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How to Teach a Dog to Stay – Step by Step Guide

Teaching Your Dog to Stay - Dog Training | Dog Boarding | Ruffgers Naples  Florida

Stay is one of the most fundamental commands that any dog can learn. It comes in handy in various cases, such as when you have visitors and do not want your dog jumping all over them or when you’re holding something big and need your dog to get out of the way. It will take some time, but with patience and effort, you will be able to train your dog to stay in place.

Tools Needed to Teach a Dog to Stay

While training your dog to stay, a few tools can help you teach your dog the command quickly.

Reinforcer: Choose a motivator for your canine to use while learning to make good decisions. A good reinforcer is something your dog enjoys, is tiny, and can be given repeatedly. This is something edible, such as a treat. Hotdogs sliced into tiny pieces, diced cheese or lunch meat, or store-bought training treats are healthy choices.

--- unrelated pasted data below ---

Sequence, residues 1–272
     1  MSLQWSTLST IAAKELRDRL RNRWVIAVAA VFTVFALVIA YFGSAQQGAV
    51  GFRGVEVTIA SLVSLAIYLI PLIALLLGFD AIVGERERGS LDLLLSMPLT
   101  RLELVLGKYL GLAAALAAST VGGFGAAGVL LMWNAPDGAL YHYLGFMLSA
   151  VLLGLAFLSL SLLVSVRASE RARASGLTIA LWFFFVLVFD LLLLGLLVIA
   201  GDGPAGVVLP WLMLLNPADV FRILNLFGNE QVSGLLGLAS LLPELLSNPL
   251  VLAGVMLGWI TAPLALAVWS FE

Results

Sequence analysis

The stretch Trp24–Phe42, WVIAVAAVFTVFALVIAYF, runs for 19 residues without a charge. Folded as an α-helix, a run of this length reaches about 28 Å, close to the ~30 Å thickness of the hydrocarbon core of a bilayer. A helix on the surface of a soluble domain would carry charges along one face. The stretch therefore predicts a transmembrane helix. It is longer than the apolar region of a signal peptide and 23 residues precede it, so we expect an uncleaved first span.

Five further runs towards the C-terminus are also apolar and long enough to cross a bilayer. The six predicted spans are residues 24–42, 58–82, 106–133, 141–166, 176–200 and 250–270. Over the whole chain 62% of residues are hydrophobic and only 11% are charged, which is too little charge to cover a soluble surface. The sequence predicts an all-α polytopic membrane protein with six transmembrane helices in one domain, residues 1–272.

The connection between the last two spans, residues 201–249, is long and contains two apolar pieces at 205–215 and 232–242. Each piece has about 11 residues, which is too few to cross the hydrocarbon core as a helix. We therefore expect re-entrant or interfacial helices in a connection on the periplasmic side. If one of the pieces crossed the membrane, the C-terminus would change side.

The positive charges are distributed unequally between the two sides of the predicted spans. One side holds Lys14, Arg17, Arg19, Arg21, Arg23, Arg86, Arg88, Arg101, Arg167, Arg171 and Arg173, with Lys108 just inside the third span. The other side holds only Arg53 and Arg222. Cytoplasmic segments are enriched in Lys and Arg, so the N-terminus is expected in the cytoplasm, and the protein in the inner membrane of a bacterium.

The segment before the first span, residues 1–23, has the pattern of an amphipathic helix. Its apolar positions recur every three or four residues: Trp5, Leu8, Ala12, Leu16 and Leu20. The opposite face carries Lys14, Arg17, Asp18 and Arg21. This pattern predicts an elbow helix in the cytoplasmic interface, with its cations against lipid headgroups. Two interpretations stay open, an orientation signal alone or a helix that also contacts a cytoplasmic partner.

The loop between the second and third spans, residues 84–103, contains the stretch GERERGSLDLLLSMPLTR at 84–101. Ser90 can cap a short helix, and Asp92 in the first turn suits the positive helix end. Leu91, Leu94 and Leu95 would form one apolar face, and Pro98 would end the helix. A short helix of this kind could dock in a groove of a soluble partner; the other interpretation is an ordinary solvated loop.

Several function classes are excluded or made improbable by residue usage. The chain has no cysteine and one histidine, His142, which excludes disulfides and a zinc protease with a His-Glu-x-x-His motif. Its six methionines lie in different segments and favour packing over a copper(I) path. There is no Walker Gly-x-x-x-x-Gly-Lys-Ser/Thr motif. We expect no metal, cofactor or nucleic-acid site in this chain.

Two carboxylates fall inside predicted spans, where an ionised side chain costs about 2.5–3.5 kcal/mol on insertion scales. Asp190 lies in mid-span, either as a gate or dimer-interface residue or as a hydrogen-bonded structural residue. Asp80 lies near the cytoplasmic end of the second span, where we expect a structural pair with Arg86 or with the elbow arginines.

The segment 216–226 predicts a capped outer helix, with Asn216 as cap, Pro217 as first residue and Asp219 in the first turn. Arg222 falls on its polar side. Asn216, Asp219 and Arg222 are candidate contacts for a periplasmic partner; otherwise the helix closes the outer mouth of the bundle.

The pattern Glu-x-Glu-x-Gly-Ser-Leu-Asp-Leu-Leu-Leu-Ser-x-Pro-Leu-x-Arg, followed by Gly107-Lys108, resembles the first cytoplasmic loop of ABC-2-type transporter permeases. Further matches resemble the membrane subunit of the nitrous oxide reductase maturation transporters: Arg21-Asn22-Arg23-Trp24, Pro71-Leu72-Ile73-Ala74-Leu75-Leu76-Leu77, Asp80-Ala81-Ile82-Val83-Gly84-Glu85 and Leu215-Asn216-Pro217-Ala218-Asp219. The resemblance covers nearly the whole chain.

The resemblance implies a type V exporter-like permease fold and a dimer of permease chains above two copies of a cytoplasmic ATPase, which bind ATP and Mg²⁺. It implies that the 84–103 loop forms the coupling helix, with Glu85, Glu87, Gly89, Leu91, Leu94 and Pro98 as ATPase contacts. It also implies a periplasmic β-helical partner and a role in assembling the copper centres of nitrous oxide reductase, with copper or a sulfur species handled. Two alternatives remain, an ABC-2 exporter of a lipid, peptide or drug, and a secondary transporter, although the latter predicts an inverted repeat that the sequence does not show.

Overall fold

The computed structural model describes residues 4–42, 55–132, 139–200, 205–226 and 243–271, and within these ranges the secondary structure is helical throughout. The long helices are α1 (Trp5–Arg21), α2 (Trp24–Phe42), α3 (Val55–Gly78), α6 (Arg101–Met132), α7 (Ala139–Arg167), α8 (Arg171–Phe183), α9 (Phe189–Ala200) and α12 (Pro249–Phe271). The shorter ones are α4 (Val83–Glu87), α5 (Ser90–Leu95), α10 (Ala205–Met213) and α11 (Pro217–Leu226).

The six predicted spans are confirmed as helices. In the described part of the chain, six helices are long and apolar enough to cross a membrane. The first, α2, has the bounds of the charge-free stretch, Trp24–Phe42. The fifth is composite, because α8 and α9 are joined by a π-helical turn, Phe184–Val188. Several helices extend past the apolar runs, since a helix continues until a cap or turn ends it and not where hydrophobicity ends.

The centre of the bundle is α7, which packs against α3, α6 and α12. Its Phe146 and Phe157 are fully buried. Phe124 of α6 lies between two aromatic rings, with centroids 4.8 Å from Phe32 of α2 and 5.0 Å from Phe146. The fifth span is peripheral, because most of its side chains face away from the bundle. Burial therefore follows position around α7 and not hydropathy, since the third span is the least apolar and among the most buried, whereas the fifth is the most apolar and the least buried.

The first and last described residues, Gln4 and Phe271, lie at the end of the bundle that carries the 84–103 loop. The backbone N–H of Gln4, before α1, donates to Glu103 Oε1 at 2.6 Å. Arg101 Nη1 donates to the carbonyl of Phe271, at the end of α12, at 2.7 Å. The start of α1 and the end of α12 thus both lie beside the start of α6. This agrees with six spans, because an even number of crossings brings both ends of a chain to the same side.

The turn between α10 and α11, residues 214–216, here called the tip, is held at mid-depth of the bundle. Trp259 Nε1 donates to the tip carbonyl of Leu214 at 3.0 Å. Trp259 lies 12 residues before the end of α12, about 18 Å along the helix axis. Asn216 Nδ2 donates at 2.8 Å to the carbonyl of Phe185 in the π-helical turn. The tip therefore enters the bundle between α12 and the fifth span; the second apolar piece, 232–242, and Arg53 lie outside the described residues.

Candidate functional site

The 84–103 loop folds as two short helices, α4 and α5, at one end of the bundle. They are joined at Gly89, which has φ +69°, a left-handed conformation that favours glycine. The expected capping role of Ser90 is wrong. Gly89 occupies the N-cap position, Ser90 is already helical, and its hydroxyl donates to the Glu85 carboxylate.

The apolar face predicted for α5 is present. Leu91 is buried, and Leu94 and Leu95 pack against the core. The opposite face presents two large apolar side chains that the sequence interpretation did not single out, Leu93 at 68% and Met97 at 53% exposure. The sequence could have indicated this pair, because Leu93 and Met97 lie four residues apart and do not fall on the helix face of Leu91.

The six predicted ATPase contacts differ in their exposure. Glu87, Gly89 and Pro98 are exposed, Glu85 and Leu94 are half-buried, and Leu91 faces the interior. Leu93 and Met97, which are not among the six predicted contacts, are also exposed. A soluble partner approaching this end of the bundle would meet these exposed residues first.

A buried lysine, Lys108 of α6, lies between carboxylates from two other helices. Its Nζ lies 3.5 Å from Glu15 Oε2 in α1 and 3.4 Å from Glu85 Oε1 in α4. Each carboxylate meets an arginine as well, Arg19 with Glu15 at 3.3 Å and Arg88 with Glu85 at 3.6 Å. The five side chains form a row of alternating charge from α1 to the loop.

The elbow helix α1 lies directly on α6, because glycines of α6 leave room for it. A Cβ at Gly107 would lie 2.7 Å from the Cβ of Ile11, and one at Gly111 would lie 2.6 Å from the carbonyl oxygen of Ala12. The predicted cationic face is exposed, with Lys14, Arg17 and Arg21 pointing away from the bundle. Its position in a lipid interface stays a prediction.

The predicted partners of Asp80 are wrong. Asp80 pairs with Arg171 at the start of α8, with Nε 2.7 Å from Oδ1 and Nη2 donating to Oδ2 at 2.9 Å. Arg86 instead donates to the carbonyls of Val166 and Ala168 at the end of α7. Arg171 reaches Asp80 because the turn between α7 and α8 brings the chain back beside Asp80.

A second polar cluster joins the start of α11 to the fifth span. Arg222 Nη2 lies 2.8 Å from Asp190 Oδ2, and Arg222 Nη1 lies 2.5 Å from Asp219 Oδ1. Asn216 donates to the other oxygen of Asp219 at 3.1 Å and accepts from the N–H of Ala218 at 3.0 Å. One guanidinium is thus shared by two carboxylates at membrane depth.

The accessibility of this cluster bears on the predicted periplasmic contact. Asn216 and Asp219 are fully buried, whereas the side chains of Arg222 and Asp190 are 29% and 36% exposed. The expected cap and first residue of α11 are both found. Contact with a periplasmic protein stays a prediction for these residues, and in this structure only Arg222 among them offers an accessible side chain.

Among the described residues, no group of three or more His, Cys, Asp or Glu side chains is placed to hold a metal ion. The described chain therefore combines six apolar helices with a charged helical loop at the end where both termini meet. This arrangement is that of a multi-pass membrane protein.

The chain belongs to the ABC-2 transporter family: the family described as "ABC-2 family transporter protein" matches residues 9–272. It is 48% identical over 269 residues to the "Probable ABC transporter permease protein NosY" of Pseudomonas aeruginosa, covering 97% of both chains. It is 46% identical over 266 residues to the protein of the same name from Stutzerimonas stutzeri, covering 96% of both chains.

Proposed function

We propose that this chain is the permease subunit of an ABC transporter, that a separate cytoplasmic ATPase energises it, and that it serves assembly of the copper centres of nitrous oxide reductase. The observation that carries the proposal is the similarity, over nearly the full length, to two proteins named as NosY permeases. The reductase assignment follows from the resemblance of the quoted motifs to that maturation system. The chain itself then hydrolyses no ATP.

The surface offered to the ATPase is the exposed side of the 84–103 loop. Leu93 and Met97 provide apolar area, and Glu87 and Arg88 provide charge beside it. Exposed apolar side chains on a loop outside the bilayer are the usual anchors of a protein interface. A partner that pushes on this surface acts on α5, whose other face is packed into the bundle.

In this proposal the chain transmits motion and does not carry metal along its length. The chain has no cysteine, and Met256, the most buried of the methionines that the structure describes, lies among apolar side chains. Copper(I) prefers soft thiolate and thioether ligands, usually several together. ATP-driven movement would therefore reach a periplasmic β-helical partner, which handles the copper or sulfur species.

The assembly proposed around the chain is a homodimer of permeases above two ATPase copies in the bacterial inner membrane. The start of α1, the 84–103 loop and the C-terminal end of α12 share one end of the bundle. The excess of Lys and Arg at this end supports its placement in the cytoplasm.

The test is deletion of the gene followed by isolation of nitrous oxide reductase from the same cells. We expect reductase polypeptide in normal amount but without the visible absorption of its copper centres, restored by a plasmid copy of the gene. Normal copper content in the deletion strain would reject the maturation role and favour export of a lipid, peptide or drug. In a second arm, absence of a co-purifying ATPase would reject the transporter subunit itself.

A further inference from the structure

Effective Marker: A marker is nothing but a sign or a verbal signal which indicates the dog’s task to be ‘good.’ Words like ‘good,’ ‘great,’ ‘yes,” super’ can be used to develop an effective marker. It is recommended to be consistent with the terms you use for your dog.  

How Long Will It Take to Teach Your Dog to Stay?

Consistent practice session will help your dog to learn the stay position quickly. You should keep in mind that training your dog obedience is a lifetime course.

How to Teach a Dog to Stay: A step by step guide 

Ensure your dog knows how to sit – Prior to teaching your dog to stay, he/she will need to know how to sit on command as you dog will generally begin the stay command in a seated posture. To teach the sit command, read How to Teach Your Dog to Sit.

Plan short trainings – Training sessions with your dog should last no more than a few minutes and be spaced out uniformly for a week. Try to practice for a brief period everyday as if you miss days, your dog will forget what he learned previously. Two five-minute sessions a day are preferable to an hour-long session on a Saturday. This continuity ensures that the dog becomes used to his training schedule and learns what you’re trying to teach him faster.